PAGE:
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Embodied Peacebuilding

Reconciliation as Practical Theology


Leah Robinson

In the areas of peacebuilding and conflict resolution, the word ‘reconciliation’ has often been branded a negative term because it implies a resolution agreed upon by all parties in a given society, which for many seems an unachievable ideal. This book looks at the concept of reconciliation from a theological point of view, analysing its use historically within theology and presenting a new model of a practical theology of reconciliation. Using narrative research, it explores this idea within the context of Northern Ireland and offers valuable insights into the theological use of reconciliation by members of communities based in a conflict zone.
The goal of Embodied Peacebuilding is to establish reconciliation as a prominent concept in the field of practical theology and to give a voice to those peacebuilders who are using reconciliation as a common theme within Northern Ireland.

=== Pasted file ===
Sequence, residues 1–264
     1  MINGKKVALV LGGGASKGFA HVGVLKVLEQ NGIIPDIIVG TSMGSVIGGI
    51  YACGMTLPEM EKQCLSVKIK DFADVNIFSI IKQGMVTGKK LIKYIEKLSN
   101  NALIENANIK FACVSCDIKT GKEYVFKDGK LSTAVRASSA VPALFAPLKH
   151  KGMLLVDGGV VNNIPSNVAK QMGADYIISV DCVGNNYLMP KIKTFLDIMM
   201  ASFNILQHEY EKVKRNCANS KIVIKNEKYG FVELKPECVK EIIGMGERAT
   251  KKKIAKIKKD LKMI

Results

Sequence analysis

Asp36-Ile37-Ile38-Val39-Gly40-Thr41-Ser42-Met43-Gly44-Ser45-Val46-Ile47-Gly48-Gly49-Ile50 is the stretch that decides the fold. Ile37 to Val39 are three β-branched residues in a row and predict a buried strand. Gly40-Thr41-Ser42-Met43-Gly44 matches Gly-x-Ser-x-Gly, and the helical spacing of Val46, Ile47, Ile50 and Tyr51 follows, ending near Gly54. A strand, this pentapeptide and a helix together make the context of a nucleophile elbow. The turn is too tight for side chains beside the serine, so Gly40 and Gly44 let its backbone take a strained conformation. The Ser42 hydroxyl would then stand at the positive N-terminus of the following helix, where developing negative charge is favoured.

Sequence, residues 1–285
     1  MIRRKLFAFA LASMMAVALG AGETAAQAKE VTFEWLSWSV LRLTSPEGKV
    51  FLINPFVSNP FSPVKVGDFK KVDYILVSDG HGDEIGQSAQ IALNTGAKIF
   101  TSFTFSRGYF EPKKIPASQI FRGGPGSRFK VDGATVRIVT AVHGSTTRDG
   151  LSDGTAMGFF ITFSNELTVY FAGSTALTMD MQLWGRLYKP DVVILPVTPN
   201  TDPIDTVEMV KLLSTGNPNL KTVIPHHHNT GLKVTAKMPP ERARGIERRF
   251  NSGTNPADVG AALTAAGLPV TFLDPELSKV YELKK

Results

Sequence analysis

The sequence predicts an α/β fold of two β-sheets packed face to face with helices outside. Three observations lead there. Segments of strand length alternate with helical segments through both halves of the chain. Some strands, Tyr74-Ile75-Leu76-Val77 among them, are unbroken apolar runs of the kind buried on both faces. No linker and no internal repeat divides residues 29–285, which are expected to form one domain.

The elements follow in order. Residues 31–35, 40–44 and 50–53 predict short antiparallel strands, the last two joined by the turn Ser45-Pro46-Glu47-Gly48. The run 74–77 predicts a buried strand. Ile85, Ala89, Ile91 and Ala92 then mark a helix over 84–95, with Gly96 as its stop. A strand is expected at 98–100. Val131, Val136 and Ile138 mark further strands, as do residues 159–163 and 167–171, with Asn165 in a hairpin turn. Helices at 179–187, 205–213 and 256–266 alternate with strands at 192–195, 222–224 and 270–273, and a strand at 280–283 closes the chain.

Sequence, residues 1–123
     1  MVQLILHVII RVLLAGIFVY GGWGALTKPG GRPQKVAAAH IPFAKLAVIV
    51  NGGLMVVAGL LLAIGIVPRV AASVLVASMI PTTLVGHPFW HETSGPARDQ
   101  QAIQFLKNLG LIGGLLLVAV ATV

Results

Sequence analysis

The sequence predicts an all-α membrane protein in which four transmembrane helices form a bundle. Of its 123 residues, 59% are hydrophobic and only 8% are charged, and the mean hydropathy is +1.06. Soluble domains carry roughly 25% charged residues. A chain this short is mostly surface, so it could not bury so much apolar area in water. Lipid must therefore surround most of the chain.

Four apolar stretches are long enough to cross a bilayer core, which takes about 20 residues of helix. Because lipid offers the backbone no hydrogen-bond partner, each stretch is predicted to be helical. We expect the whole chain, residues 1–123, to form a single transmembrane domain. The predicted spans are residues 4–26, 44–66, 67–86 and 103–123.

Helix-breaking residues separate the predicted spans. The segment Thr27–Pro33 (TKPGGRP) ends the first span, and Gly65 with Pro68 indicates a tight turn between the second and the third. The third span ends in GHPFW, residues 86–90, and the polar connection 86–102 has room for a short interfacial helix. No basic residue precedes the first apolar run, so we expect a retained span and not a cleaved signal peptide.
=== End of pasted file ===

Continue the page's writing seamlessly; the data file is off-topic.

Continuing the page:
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Chapter Three: A New Model for a Practical Theology of Reconciliation


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A New Model for a Practical Theology of Reconciliation

Summary of the Debates

The vertical and horizontal debate concerning the theology of reconciliation is the first area of contention in this discussion. The understanding of the social aspect of the theology of reconciliation as an ethical outpouring, a secondary result of personal salvation as opposed to an inherent aspect of reconciliation with God, has caused debates among theologians. There are those theologians, such as Colin Gunton and Jim Webster, who believe that emphasizing a social dimension of the theology of reconciliation will lead to a decreased understanding of the transcendent nature of Christ on earth. On the other side of the argument are those theologians, such as Miroslav Volf and John W. De Gruchy, who see the horizontal aspect of reconciliation as being an undeniable part of the vertical. These theologians believe there is a danger that reconciliation’s social implications will be left to politics while its vertical ideals are exemplified theologically. This has been the case in the history of the church. Or as the Christian ethicist Stanley Hauerwas states: ‘For if what is said theologically is but a confirmation of what can be known on other grounds or can be said more clearly in non-theological language, then why bother saying it theologically?’1

For those on both sides of the debate, the need to place either the vertical or horizontal understanding of reconciliation in a position...

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